Renting and Managing your Property
If you own your own home, or an investment property in Australia, then an expatriate assignment can pose a few management issues. If you have decided to keep the property, and we believe that all Australian expatriates should retain an investment in Australian real estate if they intend to return, then the chief issue is whether you intend to rent the property out. In the vast majority of cases the answer to this question is "yes", unless there are particular reasons for retaining access to the property – a common one being the presence of older children in Australia. Even if there is no financial pressure to rent out the property, it is very often the case that expatriates will prefer to have the property occupied rather than deal with the security and maintenance issues associated with an unoccupied house. In any event you may be advised to rent out your house to further reinforce a non-residernt tax position.
Apartments represent a much easier "lock up and leave" proposition and you will find that very long term expatriates often have an apartment in Australia, in addition to a family home, which is unrented (at least on a long term basis) and left available for the family. This also addresses, in some part, the problems that an unexpected return from abroad can produce if the family house in unavailable by virtue of a long term let. Tax advice is recommended however if any accommodation is going to be use on a prolonged and regular basis.
In any event, the purpose of this article is to provide some indication of the particular issues faced by expatriates who let their property in Australia.
The Letting Agent
If you lived in Australia you would generally have the choice of managing the property yourself or employing an agent. For all practical purposes that choice is not available to you as an expatriate and you need to be particularly careful about your choice of the managing/letting agent.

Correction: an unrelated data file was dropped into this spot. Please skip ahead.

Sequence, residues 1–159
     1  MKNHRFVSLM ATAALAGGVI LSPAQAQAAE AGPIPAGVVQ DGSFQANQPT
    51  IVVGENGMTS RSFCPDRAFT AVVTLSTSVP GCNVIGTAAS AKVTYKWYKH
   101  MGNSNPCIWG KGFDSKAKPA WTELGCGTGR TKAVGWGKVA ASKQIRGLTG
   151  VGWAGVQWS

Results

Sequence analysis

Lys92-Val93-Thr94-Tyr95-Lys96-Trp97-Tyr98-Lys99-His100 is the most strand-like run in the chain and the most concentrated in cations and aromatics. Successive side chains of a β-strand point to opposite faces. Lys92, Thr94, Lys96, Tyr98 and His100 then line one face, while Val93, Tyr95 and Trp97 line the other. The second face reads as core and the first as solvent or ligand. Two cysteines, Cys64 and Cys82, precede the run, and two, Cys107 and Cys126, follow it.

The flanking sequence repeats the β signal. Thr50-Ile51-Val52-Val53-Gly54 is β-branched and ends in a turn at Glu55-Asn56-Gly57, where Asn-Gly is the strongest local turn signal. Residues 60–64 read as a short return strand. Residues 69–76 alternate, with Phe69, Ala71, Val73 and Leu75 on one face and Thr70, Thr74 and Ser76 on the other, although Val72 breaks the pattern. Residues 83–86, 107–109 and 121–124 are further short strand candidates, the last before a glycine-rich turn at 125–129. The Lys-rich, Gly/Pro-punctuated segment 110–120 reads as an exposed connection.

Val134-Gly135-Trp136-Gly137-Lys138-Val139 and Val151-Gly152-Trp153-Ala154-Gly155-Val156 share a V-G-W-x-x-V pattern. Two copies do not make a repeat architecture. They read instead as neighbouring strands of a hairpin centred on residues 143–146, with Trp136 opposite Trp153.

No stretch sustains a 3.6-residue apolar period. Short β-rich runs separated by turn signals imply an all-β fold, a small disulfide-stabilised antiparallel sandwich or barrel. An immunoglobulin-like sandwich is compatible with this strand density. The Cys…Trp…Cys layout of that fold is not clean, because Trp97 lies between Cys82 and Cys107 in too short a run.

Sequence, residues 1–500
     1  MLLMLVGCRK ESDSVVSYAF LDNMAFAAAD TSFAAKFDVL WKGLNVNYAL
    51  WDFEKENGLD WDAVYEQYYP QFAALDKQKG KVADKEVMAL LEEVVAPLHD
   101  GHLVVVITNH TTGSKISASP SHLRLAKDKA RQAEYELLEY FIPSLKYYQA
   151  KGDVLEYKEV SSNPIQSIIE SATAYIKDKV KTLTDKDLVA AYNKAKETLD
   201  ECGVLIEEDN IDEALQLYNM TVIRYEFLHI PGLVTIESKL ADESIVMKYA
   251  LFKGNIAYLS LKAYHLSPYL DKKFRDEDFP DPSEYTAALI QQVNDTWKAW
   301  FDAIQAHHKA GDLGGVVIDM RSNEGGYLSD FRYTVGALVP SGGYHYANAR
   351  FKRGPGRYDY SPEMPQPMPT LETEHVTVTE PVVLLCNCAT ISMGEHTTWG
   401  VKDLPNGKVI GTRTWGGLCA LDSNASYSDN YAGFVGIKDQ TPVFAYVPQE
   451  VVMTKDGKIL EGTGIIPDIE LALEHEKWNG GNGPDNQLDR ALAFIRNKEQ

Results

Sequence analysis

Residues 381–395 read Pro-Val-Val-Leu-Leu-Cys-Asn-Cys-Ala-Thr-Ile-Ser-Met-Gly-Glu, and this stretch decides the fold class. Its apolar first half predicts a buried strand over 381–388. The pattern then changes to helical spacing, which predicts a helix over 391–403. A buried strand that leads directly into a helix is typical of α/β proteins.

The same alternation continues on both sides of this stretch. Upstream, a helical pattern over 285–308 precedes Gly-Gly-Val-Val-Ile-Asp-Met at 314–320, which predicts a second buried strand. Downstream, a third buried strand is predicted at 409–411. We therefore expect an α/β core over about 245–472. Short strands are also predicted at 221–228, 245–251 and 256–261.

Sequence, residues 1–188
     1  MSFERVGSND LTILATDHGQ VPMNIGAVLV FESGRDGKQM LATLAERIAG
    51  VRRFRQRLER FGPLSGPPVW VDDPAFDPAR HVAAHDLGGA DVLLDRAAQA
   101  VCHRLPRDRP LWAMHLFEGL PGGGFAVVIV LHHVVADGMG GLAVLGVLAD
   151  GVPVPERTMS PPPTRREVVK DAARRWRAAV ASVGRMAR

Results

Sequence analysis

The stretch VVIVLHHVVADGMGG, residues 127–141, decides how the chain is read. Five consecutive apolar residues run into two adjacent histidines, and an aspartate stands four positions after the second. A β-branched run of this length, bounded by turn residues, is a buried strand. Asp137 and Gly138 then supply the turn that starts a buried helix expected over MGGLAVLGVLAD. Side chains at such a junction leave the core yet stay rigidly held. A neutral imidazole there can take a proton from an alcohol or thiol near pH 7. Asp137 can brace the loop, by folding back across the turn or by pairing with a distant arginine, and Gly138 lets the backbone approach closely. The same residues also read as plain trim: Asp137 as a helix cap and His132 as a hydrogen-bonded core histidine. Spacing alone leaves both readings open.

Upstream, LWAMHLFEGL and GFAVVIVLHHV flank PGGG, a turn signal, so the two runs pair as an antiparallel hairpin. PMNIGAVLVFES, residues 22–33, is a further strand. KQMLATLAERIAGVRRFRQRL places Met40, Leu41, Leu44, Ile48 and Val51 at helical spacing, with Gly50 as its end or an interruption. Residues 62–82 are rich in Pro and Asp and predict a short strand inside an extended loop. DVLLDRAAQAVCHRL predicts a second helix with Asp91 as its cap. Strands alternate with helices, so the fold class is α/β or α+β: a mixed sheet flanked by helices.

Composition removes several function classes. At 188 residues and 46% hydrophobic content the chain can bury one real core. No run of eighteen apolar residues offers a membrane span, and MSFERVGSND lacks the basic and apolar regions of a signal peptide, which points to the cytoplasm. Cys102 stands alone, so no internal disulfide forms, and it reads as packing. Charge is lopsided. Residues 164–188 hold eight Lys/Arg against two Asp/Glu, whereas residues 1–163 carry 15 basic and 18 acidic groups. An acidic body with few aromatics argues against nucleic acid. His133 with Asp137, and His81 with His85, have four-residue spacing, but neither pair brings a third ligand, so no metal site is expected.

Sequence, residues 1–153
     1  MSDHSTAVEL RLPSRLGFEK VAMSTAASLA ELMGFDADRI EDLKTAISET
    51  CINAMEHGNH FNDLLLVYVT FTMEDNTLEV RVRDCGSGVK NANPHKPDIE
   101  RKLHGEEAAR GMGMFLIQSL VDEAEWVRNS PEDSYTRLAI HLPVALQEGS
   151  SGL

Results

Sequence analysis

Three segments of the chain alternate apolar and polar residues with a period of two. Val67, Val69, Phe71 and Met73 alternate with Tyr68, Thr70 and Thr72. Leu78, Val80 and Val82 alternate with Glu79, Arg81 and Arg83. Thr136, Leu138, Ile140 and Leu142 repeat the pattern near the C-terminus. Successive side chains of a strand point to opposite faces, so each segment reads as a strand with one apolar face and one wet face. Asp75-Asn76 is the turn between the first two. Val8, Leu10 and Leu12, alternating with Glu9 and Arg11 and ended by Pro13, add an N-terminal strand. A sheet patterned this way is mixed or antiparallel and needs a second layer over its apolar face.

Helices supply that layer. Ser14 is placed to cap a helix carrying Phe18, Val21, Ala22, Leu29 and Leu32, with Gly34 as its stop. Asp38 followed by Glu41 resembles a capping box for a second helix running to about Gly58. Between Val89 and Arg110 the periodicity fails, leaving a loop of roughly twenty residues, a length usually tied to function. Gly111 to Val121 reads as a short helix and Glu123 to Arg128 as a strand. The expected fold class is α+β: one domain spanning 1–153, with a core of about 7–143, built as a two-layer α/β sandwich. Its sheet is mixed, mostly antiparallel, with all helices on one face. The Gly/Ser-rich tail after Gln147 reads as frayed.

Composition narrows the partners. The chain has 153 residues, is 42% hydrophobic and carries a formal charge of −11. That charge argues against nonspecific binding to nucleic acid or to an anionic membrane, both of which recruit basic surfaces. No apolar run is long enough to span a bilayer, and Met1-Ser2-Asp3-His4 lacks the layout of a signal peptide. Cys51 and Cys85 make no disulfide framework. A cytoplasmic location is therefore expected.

Your absence overseas means:
- That you will probably need to provide them with more latitude than usual when it comes to meeting repair and maintenance costs, and vetting tenants
- You will not have the ability to monitor their performance (on the ground) as easily
- It will not be as easy to replace an agent who is not performing effectively, and
- The area of tenancy law is also now highly regulated by the States and you rely upon the agent to meet a raft of statutory requirements.
As an aside, the fees paid to agents for letting and managing a property are not regulated and you need to discuss these individually – plus any of the incidental charges that may be levied. However, you may expect to pay a fee equivalent to one weeks rent to the agent for renting the property (and re-renting), and between 5-10% of gross rental (+GST) for management.
These are almost always underestimated by a new landlord and, apart from the agent fees above, include:
- Incidental repairs to the property – perhaps low with an apartment, but consider what generally "goes wrong", on a regular basis, with a large period house and factor in the hourly cost of tradesmen. You may also need to factor in a thorough "refreshing" of the house every five years.
- Council rates plus all water and sewerage charges
- Cleaning costs – carpets and curtains may need professional cleaning to establish a"base line" for the first property inspection and between tenancies, if not paid for by the previous tenant
- Insurance – current building insurance should be checked to ensure that you are protected from a landlord's perspective. Standard building insurance will offer some protection for landlords, but often contains clauses excluding malicious damage by a tenant, accidental damage, legal liability and cover for the loss of income.
- Preparation of condition reports, insurance claims and inventory lists by the agent.
- Land tax, if applicable, and
- The preparation of annual tax returns by your tax advisor or accountant - two per annum if the property is held in joint names - although this is a deductible expense in itself. Remember that even if you are non-resident for tax purposes you are required to submit an Australian tax return in any year in which you earn rental income in Australia;and this will be to your benefit if the property is negatively geared (i.e. producing tax losses).